The Colorado Department of Education announced Wednesday that Colorado high school juniors will be required to take the SAT college-entrance exam instead of the ACT starting this spring.
“I was definitely caught by surprise,” said Durango School District 9-R Superintendent Dan Snowberger. “This is a major shift at the 11th hour.”
Superintendents across the state expressed surprise, according to a story in The Denver Post, particularly because the vote came during the holidays when schools are not in session.
The change came after a vote in May when the Colorado Legislature required the state Education Department to take competitive bids for both a college-entrance exam and a new 10th-grade exam. The state agency received bids from two companies, ACT and the College Board, which administers the SAT and Practice SAT. The PSAT will be given to 10th-graders.
A 15-member committee with members from across the state reviewed the proposals, sample tests and student reports, recommending the SAT and PSAT to the state Board of Education.
“We realize this is a big shift for students, and that this decision is coming later in the school year than any of us would like,” Interim Commissioner of Education Elliott Asp said in a news release. “We are committed to exploring options for flexibility that makes sense for this year’s juniors who need to use this spring’s exam for their college applications.”
Colorado juniors have been taking the ACT since 2001.
“This will have lots of implications that we will have to start reviewing when we go back to school,” Snowberger said. “This is very similar to when we had to change from (the Transitional Colorado Assessment Program) to the (Partnership for Assessment of Readiness for College and Careers) test, when we had to start with a new baseline to monitor growth. There’s no comparability between the ACT and the SAT.”
Andy Burns, director of admissions at Fort Lewis College and president of the 9-R school board looked at the change from both sides.
“From a higher ed standpoint, the ACT measures only English and math, while the SAT also includes reading, social studies and science,” he said, “so the SAT provides more alignment between the tests and admission expectations. For 2019 graduates (when admission standards will be raised), the SAT scores will assure they’re ready.”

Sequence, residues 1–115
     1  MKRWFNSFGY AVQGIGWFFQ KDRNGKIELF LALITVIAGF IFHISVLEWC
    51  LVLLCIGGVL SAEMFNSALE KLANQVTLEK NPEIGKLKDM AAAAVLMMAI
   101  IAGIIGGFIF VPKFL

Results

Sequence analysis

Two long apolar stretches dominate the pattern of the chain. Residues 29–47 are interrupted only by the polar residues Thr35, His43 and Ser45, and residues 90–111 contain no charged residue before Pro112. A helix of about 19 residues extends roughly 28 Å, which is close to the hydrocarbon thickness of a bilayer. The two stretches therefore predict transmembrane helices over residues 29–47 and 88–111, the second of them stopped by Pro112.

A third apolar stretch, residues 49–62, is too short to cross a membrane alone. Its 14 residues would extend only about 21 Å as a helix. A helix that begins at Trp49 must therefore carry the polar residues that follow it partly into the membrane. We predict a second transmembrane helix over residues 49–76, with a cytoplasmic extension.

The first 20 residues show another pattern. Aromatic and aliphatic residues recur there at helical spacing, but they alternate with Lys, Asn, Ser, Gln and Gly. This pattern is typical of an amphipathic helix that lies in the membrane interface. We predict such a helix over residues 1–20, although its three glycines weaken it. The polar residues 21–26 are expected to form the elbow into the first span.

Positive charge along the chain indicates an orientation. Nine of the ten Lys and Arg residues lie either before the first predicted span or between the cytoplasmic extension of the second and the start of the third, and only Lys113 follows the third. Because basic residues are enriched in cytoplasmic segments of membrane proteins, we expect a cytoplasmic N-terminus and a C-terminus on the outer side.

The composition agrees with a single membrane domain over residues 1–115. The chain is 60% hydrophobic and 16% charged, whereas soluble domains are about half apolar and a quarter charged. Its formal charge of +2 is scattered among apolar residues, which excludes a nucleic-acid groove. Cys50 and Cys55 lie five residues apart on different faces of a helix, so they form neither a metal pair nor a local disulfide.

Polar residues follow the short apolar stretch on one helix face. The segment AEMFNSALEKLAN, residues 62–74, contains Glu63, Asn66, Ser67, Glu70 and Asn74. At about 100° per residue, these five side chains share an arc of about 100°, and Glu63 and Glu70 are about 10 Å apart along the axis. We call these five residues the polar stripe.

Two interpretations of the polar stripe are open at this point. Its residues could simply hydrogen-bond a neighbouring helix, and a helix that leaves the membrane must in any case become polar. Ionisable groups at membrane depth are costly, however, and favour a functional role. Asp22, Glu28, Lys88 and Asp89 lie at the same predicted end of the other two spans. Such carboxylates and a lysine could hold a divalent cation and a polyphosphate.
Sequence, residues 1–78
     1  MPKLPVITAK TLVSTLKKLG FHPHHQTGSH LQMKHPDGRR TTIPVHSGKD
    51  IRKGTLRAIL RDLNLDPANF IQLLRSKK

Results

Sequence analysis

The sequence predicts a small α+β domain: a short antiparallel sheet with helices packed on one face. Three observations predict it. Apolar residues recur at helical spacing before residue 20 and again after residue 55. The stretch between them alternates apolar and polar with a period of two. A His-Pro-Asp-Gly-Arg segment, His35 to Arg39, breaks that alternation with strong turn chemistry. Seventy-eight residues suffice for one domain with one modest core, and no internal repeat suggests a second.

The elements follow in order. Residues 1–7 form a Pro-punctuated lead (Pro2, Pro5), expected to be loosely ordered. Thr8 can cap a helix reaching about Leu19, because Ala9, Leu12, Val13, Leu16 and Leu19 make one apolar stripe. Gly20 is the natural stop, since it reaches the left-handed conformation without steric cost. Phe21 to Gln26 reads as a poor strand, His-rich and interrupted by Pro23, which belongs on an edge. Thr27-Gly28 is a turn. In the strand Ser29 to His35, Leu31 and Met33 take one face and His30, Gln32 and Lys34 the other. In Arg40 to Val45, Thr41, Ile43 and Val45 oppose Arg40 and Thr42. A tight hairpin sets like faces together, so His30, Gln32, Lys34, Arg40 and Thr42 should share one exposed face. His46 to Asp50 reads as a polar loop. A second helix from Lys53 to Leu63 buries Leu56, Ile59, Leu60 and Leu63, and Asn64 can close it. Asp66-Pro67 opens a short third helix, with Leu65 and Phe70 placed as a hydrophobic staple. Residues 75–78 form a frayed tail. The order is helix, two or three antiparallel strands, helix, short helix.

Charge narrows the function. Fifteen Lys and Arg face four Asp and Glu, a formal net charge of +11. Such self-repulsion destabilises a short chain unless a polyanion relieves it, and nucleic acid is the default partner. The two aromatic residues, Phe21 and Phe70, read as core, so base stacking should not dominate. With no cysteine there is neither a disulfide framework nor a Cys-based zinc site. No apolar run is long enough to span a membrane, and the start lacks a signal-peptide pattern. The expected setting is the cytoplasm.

The rapidly changing assessment methods, however, are a different matter at the high school level.
“The ACT did provide longitudinal continuity in the otherwise chaotic world of assessments,” Burns said, “as we moved from the (Colorado Student Assessment Program) to TCAP to PARCC. I don’t think we know yet what this will mean from an operations standpoint.”
One change will probably be in the ACT preparation class offered at Durango High School.
“Students who take the class do better on the test,” Burns said. “And there are enough nuances to the tests to require a recalibration of the class to the SAT.”
The testing reform legislation also says sophomores and juniors will no longer take PARCC English and math tests. One reason the board selected the PSAT was because it will identify areas where students need additional help or can advance farther, the state education officials said.
The SAT and PSAT will be given each spring for the next five years. Dates for testing in spring 2016 have not been set.
“I am glad to see the state still requiring a college-entrance exam to prove all students are college ready,” Burns said. “In states like New Mexico, where one isn’t required, we’ll get inquiries from students in April or May of their senior year, when it’s too late for them to take the ACT or SAT for fall admission.”